USA TODAY US Edition
More people of color brew up beer careers
Craft industry has mostly ignored minorities over last decade, but that’s starting to change
Craft beer’s taste-makers historically have been mostly white and male. But that’s starting to change for the growing niche within the $107.6 billion U.S. beer industry.
As the number of independent breweries has grown to more than 5,300 — double the number operating in 2012 — more African Americans have gotten involved in the craft beer business.
“While the numbers aren’t huge, I think there are more people of color starting to own breweries, work at breweries and be part of breweries,” said Kevin Blodger, co-owner and head brewer at Baltimore’s Union Craft Brewing, which opened in 2011. He said black-owned breweries have opened recently in Louisiana, North Carolina and Texas.
Blodger, an African American, is a member of a diversity committee started last year by the Brewers Association to help the trade group, which represents independent U.S. brewers, attract minority employees and consumers.
During a decade of sustained growth, the craft beer industry largely has ignored minorities — not
Appealing to minorities will help sustain craft beer’s double-digit growth, which for several years has outpaced the comparatively flat overall U.S. beer market.
necessarily on purpose, Blodger said. “It seemed to me in the past that diversity to them meant white women,” he said. Now, “they are starting to welcome people of color with open arms.”
He said he hasn’t seen any intentional exclusion of minorities. Rather, with craft beer, “there’s not much advertising budget. It’s a word-of-mouth thing, and if you look at the people that were originally involved in craft beer, it was white men. And we tend to associate with people that look like us.”
That’s changing. “As more black, Hispanic and Asian people get involved, they are going to bring more of their friends in,” Blodger said.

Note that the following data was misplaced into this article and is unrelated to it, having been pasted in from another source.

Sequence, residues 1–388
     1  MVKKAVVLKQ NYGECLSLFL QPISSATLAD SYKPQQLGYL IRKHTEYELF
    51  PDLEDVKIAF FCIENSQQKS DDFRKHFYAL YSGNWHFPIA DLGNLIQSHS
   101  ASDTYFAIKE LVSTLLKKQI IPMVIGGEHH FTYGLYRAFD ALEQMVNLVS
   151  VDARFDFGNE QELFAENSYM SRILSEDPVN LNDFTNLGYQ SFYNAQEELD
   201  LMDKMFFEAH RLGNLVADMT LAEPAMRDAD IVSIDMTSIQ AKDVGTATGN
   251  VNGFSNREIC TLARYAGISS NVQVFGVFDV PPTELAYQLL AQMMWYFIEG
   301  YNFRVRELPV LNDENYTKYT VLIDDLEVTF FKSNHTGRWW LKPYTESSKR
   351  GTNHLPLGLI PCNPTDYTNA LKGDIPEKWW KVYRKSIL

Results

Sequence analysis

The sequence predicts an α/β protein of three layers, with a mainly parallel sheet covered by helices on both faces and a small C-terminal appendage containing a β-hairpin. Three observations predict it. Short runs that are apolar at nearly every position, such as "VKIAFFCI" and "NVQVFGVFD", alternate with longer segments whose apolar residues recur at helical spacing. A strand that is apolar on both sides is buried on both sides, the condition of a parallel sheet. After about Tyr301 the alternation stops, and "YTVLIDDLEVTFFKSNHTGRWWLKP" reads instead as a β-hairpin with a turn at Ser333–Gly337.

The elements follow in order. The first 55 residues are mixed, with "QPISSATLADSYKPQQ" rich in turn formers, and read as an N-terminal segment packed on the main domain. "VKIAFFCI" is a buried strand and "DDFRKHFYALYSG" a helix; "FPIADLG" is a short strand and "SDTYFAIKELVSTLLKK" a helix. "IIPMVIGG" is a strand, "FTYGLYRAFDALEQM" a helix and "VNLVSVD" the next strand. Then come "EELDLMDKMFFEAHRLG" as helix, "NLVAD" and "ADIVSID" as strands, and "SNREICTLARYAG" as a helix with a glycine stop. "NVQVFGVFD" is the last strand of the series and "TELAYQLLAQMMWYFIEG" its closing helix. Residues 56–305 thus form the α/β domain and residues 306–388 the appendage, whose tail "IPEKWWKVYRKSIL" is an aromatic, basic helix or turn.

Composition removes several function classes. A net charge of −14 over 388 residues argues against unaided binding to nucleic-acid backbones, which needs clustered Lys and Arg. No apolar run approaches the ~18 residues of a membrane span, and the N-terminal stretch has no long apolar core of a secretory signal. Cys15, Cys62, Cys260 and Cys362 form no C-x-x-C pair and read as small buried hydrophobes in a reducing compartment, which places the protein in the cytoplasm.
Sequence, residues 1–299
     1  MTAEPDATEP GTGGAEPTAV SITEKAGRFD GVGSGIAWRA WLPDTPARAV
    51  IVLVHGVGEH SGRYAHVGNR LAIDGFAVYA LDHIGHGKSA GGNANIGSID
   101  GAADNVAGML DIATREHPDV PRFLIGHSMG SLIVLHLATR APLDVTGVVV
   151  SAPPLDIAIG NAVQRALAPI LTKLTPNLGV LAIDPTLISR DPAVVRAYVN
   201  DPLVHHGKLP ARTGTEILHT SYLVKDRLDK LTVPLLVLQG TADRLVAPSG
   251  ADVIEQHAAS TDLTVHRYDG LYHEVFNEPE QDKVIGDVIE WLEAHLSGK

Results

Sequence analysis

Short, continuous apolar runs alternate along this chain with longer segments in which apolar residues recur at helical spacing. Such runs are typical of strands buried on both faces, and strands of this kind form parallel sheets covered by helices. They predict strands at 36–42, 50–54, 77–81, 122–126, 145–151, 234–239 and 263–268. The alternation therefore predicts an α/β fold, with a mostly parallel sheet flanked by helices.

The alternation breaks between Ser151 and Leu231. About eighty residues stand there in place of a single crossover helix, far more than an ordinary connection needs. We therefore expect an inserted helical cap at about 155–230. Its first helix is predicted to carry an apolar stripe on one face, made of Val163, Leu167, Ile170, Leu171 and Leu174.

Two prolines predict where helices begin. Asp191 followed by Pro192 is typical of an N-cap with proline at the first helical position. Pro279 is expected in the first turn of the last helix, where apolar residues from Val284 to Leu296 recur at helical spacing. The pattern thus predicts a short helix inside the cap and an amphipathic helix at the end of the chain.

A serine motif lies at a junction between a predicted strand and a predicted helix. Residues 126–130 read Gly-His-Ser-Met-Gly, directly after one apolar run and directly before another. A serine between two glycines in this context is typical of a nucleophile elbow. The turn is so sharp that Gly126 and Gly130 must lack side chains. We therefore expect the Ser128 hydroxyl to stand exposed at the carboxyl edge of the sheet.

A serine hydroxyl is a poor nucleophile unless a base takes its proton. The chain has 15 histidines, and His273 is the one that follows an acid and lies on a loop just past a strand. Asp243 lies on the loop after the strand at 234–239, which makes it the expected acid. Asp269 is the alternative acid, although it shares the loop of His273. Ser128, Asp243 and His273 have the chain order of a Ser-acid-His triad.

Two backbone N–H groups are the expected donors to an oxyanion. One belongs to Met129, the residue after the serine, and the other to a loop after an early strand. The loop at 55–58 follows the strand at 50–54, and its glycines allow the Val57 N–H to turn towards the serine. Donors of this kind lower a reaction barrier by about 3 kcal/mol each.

Appealing to minorities will help sustain craft beer’s double-digit growth, which for several years has outpaced the comparatively flat overall U.S. beer market. Sales of craft beer rose 10%, or $23.5 billion, in 2016.
In 2016, African Americans made up 12% of weekly craft beer drinkers, up from 10% the year before, according to the Yankelovich Monitor survey.
Although there’s no definitive data to support increased involvement by black people in craft beer — something the Brewers Association is attempting to document — others in the industry say they are seeing change. “I just wish it was moving a little bit faster,” said Mike Smothers, who for four years has been a sales representative for Port City Brewing of Alexandria, Va.
Even as more people of color go to work making craft beer — and take to drinking it — there’s an escalating conversation about “why is craft brewing such a monoculture?” said Garrett Oliver, an African American who became an apprentice brewer in 1989 at Manhattan Brewing and has been brewmaster at Brooklyn Brewery since 1994.
“African Americans have been culturally excluded from a huge range of things, and craft brewing just happens to be one of them.”
Increasing diversity would pay off, and the association should help small breweries with outreach efforts, he says. “No matter where you go, when you present the beer in an inclusive way and show people why this is worth their time and interest, everybody is just as into it as everybody else,” Oliver said.
That rings true to Mark Ridley, who along with his wife, Sharon, owns The Brass Tap franchise at the National Harbor in Maryland, near Washington, D.C.
He had concerns about whether the restaurant, which has 60 craft beer taps, would “be a hit” in a predominantly black county. Even though the pub, which opened in June, attracts a majority of out-of-town white customers from the nearby convention center, “we do see a good minority population come through,” Ridley said.
Maybe they haven’t tried craft beer before, he said, but “once they see the quality of the beer, then people make logical choices to try something new.”